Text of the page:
The difference between 御社/おんしゃ/Onsha and 貴社/きしゃ/Kisha
Today’s article is about Japanese words that have the meaning of “your company”. 御社/おんしゃ/Onsha and 貴社/きしゃ/Kisha both refer to the company, and although their original meanings are slightly different, they tend to be used confusingly. Both words are frequently used in business situations.
貴社/きしゃ/Kisha: your company
御社/おんしゃ/Onsha: your company
貴社(Kisha) is a written word that means “Your company”. The meaning is the same as 御社(Onsha) but they are used in different situations. 貴社(Kisha) is used in resumes and entry sheet (Company-specific CV) and document for a client company. The word 貴社(Kisha) is used to show respect to the company. There are many homonyms of 貴社(Kisha), so in order to avoid possible confusion, 貴社(Kisha) is a written word. This does not mean you cannot use 貴社(Kisha) when speaking. You still can use 貴社(Kisha) when speaking, but do not use 御社(Onsha) and 貴社(Kisha) in the same context as it can be confusing as the sentence can lose unity. However, there are some people who believe 貴社(Kisha) should be only used as a written word, so it is best to use 貴社(Kisha) only in a written form to avoid misunderstanding by those people. As synonyms, there are word 貴会(Kikai) and 貴館(Kikan). 貴会(Kikai) is an expression of respect to the association and 貴館(Kikan) is an expression of respect to museums and libraries.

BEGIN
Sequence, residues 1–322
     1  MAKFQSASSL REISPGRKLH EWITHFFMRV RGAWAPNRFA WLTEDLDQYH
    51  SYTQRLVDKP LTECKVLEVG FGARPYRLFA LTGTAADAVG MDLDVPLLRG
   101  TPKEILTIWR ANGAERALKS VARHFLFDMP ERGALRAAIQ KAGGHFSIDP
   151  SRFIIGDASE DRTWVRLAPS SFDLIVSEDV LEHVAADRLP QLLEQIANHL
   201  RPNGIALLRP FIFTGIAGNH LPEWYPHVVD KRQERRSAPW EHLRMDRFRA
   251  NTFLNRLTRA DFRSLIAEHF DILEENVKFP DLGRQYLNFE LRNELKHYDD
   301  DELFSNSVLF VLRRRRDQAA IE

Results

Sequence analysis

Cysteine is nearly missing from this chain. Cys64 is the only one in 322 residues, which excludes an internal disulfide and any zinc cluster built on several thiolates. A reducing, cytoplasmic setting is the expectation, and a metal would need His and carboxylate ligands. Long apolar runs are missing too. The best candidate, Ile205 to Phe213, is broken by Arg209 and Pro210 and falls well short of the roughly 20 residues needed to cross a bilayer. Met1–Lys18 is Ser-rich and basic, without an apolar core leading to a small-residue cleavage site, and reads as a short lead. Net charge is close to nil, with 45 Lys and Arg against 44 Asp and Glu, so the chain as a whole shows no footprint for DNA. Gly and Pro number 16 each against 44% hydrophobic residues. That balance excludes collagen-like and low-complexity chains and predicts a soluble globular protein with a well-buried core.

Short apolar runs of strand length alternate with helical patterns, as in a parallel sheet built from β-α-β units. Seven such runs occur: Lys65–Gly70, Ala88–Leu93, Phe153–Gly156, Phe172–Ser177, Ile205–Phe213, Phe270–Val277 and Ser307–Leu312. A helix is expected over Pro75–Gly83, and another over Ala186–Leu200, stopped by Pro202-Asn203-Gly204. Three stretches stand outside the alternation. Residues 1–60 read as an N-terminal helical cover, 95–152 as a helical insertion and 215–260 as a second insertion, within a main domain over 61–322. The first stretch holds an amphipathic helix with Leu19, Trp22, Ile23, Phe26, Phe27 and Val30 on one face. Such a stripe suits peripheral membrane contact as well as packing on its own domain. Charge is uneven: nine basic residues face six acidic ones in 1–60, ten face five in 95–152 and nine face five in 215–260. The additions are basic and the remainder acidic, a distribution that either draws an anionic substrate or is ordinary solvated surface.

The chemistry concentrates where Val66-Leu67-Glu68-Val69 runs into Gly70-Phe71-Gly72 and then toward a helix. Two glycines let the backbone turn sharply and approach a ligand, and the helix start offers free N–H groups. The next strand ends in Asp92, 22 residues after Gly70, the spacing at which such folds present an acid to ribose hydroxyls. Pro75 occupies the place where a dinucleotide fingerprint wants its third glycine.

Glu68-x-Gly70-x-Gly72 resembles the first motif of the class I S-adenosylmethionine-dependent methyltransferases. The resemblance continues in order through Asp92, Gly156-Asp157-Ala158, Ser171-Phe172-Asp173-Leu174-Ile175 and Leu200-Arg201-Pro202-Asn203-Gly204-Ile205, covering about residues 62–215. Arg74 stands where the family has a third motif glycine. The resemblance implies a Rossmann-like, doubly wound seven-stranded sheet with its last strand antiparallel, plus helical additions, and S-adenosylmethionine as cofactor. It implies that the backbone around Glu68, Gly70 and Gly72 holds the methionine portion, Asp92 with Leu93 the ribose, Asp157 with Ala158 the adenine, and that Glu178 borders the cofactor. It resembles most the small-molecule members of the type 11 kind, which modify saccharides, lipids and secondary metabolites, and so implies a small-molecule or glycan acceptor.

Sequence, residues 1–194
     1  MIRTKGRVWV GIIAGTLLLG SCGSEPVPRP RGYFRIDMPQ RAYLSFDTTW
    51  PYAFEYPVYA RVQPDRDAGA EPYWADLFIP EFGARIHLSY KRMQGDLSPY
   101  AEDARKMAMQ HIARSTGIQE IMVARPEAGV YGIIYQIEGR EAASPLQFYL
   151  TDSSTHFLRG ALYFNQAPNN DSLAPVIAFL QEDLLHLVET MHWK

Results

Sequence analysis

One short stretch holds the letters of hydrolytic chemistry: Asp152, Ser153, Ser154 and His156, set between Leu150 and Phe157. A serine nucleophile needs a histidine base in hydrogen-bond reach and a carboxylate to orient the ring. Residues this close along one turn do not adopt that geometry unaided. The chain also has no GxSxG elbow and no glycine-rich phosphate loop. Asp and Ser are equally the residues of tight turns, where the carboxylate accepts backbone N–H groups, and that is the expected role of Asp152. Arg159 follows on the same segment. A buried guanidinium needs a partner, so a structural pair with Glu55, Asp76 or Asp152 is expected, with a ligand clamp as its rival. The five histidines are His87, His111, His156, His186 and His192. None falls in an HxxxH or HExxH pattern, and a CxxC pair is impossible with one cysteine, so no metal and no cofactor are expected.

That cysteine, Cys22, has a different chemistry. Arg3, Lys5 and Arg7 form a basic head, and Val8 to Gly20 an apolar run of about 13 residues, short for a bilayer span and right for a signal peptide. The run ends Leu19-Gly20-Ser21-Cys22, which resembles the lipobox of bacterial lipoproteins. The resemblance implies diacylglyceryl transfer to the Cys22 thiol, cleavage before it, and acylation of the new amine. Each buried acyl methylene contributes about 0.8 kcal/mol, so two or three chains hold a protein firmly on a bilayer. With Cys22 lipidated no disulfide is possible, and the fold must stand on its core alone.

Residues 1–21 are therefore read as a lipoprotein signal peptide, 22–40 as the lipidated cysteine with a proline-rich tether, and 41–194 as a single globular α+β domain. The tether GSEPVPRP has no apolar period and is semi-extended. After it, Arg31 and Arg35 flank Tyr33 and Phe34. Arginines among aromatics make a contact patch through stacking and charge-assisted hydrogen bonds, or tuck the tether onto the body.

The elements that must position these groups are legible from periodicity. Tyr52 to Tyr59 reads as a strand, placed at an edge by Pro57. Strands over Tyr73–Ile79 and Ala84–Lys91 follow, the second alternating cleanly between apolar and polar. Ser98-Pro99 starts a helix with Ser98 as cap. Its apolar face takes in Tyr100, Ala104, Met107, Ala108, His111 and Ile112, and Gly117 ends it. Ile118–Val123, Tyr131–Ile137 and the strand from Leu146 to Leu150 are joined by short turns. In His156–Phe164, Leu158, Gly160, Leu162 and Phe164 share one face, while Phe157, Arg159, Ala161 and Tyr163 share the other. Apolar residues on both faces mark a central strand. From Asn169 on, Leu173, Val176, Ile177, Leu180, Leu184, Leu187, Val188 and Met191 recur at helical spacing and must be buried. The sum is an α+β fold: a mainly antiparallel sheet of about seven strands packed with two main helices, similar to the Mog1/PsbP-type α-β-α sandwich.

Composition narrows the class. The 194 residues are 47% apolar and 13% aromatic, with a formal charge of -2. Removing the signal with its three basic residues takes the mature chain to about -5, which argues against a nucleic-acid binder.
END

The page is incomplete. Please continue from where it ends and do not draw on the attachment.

御社(Onsha) is also a word for “Your company” but it is a colloquial expression. The letter 御 is a prefix that functions to make a word honorific. It is a word used with respect but tends to be used mainly in spoken language. This word 御社(Onsha) is often used in job interviews and business meetings with clients.
Although it is common to use 御社(Onsha) as a spoken word and use 貴社(Kisha) as a written word, it is not wrong to use 御社(Onsha) as a written word. It is important to be consistent, and avoid using 貴社(Kisha) in the middle of a sentence when you were speaking using 御社(Onsha).
Jibun no koremade no keiken wa kanarazu kisha ni kouken dekiru to kangae, nyusha wo shibo itashimashita.
I applied to join your company because I believe that my past experience will surely contribute to your company.
Mappitsu dewa gozaimasuga, kisha no masumasu no hatten wo oinori moushiagemasu.
At the end of this letter, I would like to express my best wishes for the continued growth of your company.
1st example is a cliche sentence that often can be seen on a resume or CV. 2nd example is an ending sentence that is often used in the letter and email.